OSU Medical Center Outreach team delivers almost 11,000 COVID-19 test kits


The hope is to get more people tested quicker

Senior Regional Outreach Coordinator Susan Prewitt prepares to deliver used COVID-19 test kits to be processed at The Ohio State University Wexner Medical Center. (Courtesy of Wexner Medical Center)

COLUMBUS (WYTV) – Since April 1, 16 members of the Ohio State University Wexner Medical Center’s Outreach and Engagement team have logged nearly 60,000 miles delivering almost 11,000 COVID-19 test kits to community hospitals and post-acute care facilities across Ohio.

The COVID-19 testing kits were produced by Ohio State Wexner Medical Center in collaboration with the Ohio Department of Health. The hope is to get more people tested quicker.

Each test kit can be processed by a lab at Ohio State or elsewhere, said Tom Blincoe, executive director of outreach and engagement at the Ohio State Health Network.

Before the COVID-19 outbreak, the outreach and engagement team would visit hospitals across the state to share information about Ohio State’s Wexner Medical Center and determine the best ways to meet the needs of those hospitals and the communities they serve. During the pandemic, that was no longer possible because of new hospital visitor restrictions.

“We determined there was a need to do something different around testing and our staff jumped at the chance to help,” Blincoe said. “We believe this is just something we should be doing. Part of our mission as a land-grant university is to provide the state of Ohio with whatever help we can during this pandemic.”

In addition to delivering test kits to almost 30 community hospitals across Ohio, team members pick up test specimens and bring them back to Ohio State Wexner Medical Center’s lab.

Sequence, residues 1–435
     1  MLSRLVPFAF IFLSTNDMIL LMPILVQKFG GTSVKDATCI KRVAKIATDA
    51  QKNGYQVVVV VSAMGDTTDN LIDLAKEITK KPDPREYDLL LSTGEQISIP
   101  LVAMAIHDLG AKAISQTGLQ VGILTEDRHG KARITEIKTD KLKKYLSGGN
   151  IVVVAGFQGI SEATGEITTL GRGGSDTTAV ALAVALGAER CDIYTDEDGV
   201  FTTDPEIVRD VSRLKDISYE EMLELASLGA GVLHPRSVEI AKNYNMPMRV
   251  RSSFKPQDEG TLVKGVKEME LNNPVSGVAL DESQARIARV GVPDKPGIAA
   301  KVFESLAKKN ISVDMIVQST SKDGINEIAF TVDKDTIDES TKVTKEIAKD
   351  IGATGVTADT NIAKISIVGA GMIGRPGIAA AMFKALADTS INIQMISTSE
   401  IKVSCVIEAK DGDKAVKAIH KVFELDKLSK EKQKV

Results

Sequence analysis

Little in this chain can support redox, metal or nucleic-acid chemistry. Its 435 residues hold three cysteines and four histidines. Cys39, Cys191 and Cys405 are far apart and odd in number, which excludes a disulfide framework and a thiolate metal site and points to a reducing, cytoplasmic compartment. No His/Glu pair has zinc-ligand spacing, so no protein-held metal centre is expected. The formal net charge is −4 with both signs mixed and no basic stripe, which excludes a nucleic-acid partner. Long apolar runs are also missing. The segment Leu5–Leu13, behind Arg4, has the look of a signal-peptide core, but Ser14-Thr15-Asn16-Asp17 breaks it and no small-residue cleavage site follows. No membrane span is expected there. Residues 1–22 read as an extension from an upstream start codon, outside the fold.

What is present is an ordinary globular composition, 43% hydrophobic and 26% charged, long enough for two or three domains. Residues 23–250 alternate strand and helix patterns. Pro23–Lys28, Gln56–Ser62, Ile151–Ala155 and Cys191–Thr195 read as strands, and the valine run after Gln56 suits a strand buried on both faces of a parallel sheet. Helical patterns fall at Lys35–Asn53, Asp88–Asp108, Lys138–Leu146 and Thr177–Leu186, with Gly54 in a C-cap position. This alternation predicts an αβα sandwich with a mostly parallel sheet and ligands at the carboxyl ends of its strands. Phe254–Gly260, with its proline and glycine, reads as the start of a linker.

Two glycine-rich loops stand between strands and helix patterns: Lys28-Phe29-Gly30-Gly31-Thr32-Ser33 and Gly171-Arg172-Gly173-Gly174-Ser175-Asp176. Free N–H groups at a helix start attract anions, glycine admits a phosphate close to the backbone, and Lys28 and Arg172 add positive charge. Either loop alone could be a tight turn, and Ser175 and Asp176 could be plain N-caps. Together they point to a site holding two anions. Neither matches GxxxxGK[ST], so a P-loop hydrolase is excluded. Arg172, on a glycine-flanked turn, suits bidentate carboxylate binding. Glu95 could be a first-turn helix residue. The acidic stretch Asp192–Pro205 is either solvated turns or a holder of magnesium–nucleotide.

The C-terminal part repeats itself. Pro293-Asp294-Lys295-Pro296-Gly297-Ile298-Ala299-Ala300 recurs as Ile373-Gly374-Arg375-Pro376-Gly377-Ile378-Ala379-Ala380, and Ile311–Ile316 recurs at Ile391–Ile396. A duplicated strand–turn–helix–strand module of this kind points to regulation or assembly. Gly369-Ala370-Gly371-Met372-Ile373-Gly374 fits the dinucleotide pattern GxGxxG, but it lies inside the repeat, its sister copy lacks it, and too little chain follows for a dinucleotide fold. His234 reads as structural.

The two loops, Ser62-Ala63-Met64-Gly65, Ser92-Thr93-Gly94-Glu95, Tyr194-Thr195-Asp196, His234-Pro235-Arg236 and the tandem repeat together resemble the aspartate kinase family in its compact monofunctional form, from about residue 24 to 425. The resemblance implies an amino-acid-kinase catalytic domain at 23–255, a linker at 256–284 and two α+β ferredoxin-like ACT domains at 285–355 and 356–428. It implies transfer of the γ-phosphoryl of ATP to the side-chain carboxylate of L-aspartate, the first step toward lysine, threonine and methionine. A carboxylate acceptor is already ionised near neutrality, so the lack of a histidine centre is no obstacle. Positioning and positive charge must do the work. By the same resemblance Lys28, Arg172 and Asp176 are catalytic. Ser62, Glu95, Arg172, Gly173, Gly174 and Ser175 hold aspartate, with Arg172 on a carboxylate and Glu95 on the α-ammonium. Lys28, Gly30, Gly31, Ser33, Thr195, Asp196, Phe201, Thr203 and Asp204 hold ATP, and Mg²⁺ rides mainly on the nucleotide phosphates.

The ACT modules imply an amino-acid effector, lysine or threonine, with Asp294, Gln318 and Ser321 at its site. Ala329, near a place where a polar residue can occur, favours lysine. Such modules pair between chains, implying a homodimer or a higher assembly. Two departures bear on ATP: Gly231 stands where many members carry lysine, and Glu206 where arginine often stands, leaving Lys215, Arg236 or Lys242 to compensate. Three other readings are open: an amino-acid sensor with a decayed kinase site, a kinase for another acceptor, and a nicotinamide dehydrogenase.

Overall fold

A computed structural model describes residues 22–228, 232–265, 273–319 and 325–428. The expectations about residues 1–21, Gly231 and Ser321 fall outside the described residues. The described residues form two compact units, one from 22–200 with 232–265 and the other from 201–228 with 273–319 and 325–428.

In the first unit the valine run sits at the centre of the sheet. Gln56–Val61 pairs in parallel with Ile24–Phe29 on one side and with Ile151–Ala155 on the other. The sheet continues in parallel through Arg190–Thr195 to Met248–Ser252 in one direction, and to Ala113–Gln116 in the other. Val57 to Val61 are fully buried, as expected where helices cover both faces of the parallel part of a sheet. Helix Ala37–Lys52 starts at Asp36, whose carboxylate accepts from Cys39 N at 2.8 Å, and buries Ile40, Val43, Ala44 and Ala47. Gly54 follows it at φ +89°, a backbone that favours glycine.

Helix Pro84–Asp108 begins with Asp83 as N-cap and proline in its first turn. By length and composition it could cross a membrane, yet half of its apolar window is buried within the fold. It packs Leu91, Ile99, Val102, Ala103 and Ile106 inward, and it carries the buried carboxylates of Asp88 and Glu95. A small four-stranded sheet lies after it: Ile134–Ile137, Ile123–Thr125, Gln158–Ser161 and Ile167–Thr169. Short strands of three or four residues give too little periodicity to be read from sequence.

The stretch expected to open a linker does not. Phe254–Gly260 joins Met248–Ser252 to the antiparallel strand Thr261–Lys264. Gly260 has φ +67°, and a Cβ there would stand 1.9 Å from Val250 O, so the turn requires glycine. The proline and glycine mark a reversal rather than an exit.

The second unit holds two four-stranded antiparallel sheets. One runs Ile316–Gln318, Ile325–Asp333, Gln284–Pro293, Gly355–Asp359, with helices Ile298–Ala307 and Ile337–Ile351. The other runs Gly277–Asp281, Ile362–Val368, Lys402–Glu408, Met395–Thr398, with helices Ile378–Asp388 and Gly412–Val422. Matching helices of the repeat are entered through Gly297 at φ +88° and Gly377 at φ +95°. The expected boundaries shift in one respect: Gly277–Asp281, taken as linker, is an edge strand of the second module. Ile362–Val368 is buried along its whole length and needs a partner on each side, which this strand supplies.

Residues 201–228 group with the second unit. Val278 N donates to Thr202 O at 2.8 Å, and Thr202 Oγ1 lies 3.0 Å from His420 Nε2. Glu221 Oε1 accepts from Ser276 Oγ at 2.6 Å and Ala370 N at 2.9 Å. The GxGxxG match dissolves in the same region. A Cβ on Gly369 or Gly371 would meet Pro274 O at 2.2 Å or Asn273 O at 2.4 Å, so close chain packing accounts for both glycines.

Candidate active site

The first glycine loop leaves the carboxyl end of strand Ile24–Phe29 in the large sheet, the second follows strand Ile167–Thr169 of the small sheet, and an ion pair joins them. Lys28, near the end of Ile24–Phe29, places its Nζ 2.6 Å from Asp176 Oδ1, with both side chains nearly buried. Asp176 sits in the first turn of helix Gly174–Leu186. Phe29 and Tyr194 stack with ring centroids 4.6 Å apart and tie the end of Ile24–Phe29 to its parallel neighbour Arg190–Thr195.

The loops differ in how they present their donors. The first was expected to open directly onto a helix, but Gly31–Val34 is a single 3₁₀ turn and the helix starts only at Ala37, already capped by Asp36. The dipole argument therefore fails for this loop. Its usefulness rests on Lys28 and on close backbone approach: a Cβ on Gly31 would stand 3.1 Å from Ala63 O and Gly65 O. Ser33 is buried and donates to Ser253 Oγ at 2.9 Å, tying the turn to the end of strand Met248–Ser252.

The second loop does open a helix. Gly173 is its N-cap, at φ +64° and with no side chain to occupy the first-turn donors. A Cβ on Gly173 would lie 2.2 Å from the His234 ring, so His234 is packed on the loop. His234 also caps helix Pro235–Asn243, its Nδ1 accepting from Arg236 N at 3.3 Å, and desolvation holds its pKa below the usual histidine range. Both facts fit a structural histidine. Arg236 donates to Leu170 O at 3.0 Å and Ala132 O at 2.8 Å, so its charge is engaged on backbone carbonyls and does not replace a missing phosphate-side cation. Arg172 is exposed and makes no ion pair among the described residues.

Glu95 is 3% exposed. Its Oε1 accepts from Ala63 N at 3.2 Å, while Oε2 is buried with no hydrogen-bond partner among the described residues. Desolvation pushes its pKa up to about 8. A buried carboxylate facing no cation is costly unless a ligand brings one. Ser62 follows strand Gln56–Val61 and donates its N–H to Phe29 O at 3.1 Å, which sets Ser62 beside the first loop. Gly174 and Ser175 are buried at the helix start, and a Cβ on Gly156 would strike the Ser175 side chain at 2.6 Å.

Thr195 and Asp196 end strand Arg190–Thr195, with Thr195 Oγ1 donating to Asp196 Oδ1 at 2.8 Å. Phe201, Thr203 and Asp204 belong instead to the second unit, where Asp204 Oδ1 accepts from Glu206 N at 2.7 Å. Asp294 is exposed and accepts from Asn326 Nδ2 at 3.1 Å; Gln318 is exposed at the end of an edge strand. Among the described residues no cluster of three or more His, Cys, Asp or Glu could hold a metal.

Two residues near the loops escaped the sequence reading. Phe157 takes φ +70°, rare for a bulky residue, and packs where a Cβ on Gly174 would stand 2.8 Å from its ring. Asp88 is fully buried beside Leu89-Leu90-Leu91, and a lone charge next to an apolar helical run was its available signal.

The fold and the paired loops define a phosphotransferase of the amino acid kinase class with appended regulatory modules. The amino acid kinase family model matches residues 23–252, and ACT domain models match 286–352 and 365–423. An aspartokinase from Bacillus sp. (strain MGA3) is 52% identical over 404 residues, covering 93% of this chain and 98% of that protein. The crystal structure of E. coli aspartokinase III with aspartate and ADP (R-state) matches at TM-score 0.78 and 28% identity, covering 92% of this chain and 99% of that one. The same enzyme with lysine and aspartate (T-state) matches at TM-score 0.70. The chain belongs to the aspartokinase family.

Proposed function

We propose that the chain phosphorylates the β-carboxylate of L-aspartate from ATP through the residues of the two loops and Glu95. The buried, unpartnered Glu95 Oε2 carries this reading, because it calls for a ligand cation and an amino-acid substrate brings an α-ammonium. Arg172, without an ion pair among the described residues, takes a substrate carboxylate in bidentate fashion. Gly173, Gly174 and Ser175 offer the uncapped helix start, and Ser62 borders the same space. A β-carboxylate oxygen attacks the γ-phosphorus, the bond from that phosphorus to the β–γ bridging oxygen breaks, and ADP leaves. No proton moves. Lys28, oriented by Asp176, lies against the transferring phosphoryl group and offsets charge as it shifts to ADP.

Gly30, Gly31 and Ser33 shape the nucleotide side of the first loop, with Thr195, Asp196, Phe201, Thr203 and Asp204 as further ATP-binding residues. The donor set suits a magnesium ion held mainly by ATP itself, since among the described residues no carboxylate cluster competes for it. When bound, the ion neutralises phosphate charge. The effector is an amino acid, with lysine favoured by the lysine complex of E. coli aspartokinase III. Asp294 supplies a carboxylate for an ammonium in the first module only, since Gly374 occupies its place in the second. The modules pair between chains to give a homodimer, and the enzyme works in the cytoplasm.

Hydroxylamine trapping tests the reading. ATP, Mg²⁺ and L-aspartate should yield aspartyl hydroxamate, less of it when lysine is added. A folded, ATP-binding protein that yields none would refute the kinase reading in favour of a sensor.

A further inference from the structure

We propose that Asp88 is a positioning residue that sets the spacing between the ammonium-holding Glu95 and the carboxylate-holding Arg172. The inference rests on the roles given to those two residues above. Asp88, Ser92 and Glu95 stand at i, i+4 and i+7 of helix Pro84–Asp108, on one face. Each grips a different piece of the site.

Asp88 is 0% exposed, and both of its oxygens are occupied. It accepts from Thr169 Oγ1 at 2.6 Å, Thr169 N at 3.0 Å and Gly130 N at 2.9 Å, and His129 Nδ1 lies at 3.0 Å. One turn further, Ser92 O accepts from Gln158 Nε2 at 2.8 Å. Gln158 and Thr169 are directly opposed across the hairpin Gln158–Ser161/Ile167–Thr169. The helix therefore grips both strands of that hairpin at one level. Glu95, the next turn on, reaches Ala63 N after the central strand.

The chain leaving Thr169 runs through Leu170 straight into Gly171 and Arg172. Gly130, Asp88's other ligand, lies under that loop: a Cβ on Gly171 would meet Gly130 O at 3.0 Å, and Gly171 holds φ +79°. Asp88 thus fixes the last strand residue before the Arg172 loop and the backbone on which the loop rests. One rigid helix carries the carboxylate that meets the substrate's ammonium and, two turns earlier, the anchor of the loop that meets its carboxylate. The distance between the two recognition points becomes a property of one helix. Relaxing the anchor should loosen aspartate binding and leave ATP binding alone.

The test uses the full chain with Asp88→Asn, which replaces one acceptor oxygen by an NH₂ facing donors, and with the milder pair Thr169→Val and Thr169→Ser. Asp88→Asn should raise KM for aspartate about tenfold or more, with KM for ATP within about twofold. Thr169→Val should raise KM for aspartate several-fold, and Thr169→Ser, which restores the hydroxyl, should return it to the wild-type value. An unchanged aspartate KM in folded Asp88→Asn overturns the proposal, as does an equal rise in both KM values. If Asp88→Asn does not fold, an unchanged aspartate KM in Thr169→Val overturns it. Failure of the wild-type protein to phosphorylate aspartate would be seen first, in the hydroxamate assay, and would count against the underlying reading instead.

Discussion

They also deliver other needed supplies to support the care of COVID-19 patients, including personal protective equipment such as masks, gowns and digital thermometers.

Delivery runs happen daily, Monday through Saturday, with team members driving each afternoon to hospitals and post-acute care centers across Ohio, including in Youngstown.

“This is a coordinated team effort,” Blincoe said.

The majority of these test kits have been created by medical center researchers.

During the COVID-19 outbreak, there’s been a critical shortage of test kit components, including the swabs used to collect samples and the sterile solution needed to transport the swabs. The test kits include nasopharyngeal swabs and vials filled with a sterile solution called viral transport media (VTM).

Since early April, Ohio State Wexner Medical Center has been making its own VTM for COVID-19 test kits.

“This program has been a huge asset for us and we’re extremely grateful for the support we’ve received,” said Lisa Klenke, chief executive officer for Mercer Health. “Testing was the biggest challenge, but having access to the testing kits and the test runs daily has been a great advantage to us. Now we’ve been able to open a drive-thru swabbing station that is benefiting the entire community.”

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